‘After 9/11 fear has gripped us, and that has made us stupid. The Taliban and Al Qaeda were generalized about. After the towers had collapsed, we did not take time and think rationally to investigate who was really responsible for this’, says Dam. ‘The great steps taken at a rapid pace and the war strategy that was outlined at that time have never been corrected in the last 18 years.’
Some people claim that the US is going to continue this war for the oil and weapons industry, but the Dutch journalist thinks that the way of decision-making in Washington is decisive. “The team around Barack Obama or Hillary Clinton contains many military experts who constantly think about security issues: am I being attacked, yes or no? After 9/11, the diplomatic route was switched off. Eg, the State Department, responsible for foreign policy, did not know that the Taliban wanted to surrender. It has only been discovered years later. An unnecessary war has therefore been fought. “It’s a crusade“, George Bush said in 2001.”
Bette Dam is not pleased with the way in which the United States got away with this narrative. There were, with a few exceptions, no journalists who had an eye for the other side of the story. ‘Research shows that many American and European leading media have relied on anonymous officials, embedded reporting and seventy to ninety percent on Western [establishment] sources. We are actually talking about that conflict to ourselves.”
Dam believes that the media should take a good look in the mirror. ‘I think we should do a hard reset and evaluate our work. Maybe we should deploy as many people inside the war on terror areas as in Washington or Brussels. You must be able to cross check every story. If you can not invest in such journalists, then you should not write about it either. Then just say: we do not know.”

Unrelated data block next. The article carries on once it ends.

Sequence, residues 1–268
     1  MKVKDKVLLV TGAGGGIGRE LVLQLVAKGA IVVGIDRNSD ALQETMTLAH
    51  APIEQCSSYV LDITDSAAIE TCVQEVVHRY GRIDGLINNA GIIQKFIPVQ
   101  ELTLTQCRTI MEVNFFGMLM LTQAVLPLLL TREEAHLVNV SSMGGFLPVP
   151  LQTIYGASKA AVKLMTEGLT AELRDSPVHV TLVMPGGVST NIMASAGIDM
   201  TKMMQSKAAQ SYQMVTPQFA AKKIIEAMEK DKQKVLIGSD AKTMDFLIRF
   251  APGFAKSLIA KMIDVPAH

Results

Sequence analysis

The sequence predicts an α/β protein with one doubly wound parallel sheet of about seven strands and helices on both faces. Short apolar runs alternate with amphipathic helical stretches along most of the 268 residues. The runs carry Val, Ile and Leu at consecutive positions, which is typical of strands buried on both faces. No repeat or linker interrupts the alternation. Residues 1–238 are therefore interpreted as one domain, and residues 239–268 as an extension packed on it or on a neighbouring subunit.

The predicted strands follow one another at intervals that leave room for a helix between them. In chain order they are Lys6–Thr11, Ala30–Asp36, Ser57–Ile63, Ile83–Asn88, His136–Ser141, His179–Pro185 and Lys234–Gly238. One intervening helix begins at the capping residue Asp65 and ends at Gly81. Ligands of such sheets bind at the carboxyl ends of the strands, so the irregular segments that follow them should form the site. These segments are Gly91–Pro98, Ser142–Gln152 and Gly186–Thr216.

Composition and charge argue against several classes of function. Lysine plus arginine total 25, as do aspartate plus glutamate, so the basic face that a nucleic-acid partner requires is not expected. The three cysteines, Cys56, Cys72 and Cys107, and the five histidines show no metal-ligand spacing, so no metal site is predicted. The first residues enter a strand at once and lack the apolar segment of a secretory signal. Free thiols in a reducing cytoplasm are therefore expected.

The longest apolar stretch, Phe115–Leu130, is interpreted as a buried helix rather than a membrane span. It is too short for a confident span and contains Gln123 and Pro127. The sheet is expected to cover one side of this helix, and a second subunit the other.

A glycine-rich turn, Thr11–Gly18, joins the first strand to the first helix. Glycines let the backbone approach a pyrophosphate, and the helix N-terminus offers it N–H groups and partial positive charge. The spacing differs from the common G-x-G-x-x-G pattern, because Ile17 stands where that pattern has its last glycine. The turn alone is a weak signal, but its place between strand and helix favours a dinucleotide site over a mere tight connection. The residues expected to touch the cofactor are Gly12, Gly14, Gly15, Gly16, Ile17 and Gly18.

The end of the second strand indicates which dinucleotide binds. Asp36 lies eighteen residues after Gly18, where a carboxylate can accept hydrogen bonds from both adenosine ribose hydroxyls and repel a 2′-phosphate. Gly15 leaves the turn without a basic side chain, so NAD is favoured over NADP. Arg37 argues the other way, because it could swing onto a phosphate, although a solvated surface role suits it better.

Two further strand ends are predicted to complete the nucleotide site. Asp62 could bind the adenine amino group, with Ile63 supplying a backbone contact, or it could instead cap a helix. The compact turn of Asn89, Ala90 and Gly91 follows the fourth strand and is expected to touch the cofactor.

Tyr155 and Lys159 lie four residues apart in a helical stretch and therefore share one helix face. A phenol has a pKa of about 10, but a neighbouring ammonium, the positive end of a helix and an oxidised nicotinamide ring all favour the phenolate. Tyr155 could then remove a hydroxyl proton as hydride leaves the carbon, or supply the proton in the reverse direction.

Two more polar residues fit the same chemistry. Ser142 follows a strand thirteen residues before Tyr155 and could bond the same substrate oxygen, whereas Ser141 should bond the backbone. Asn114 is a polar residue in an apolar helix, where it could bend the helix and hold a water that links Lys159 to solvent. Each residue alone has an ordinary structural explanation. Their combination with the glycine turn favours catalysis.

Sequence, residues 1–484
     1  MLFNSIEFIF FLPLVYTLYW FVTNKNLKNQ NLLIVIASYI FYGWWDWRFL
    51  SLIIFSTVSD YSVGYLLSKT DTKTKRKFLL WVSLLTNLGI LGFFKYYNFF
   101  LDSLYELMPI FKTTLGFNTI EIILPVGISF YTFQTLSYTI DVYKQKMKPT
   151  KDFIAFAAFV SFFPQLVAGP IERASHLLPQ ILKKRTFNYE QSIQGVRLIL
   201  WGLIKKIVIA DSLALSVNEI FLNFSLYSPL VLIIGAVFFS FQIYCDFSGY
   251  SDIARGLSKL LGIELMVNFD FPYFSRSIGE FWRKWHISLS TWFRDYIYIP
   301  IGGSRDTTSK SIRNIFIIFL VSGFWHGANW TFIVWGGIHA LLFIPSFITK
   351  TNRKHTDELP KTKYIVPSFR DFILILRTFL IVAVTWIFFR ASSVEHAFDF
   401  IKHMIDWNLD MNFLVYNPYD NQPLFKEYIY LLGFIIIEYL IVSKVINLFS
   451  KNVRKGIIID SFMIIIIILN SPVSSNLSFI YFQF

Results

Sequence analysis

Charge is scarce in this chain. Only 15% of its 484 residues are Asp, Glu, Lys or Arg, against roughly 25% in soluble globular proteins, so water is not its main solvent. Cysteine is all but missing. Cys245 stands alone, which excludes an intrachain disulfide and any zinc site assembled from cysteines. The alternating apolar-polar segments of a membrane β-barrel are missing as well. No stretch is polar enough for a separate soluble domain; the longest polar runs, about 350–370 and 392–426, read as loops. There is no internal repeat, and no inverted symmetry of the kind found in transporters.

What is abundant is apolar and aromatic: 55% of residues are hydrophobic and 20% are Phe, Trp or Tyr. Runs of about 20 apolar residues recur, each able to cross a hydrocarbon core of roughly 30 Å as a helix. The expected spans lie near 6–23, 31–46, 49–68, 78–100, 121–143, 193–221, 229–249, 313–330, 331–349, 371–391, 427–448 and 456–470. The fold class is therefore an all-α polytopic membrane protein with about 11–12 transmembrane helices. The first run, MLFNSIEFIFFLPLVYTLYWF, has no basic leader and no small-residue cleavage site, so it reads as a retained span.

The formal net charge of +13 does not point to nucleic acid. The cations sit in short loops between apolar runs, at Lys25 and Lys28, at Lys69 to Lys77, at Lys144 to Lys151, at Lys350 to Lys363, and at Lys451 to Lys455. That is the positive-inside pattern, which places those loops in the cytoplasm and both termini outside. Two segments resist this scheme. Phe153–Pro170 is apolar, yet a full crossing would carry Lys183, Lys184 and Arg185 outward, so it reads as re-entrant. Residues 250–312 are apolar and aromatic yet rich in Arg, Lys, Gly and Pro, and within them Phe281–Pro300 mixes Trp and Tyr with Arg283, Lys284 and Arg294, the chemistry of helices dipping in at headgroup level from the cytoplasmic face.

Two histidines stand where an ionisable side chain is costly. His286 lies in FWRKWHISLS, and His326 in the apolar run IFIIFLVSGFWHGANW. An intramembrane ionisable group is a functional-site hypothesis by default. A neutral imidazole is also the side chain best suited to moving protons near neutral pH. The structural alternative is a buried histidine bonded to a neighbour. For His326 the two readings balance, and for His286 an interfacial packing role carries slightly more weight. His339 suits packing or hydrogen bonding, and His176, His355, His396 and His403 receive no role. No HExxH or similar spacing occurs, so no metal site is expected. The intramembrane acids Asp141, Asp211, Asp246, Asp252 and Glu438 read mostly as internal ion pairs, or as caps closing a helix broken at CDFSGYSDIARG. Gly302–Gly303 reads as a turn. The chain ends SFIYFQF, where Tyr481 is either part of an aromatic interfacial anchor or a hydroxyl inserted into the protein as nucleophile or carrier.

Pingback: Millions on strike against climate change | Dear Kitty. Some blog
Pingback: Irish peace activists against US Afghan-killing drones | Dear Kitty. Some blog
Pingback: United States veterans denounce Pentagon wars | Dear Kitty. Some blog
Pingback: Pentagon covers up Afghan war | Dear Kitty. Some blog
Pingback: Trump threatens to ‘kill 10 million Afghans’ | Dear Kitty. Some blog
Pingback: Dying Dutch girl saves Afghan refugee’s life, education | Dear Kitty. Some blog
Pingback: Trump’s violence threats, Biden and Ukrainian gas | Dear Kitty. Some blog
Pingback: ISIS boss killed, how credible is Trump? | Dear Kitty. Some blog
Pingback: Candidates Bernie Sanders, Elizabeth Warren, foreign policy | Dear Kitty. Some blog
Pingback: Afghanistan Papers, how the US government lied | Dear Kitty. Some blog
Pingback: Afghan war, United States, Dutch government lies | Dear Kitty. Some blog
Pingback: Stop the United States military-industrial complex | Dear Kitty. Some blog
Pingback: Fight global warming, not endless wars | Dear Kitty. Some blog
Pingback: British Conservative criticizes Trump’s Iraq assassination | Dear Kitty. Some blog
Pingback: Bernie Sanders says stop Trump’s Iraq-Iran war | Dear Kitty. Some blog
Pingback: Trillion dollar Afghan war, based on lies | Dear Kitty. Some blog
Pingback: Afghan war, after eighteen bloody years | Dear Kitty. Some blog
Pingback: Coronavirus crisis, worldwide update | Dear Kitty. Some blog
Pingback: Black Lives Matter, USA and Britain | Dear Kitty. Some blog
Pingback: ‘Defund the United States military-industrial complex’ | Dear Kitty. Some blog
Pingback: British Afghan war veteran on disastrous war | Dear Kitty. Some blog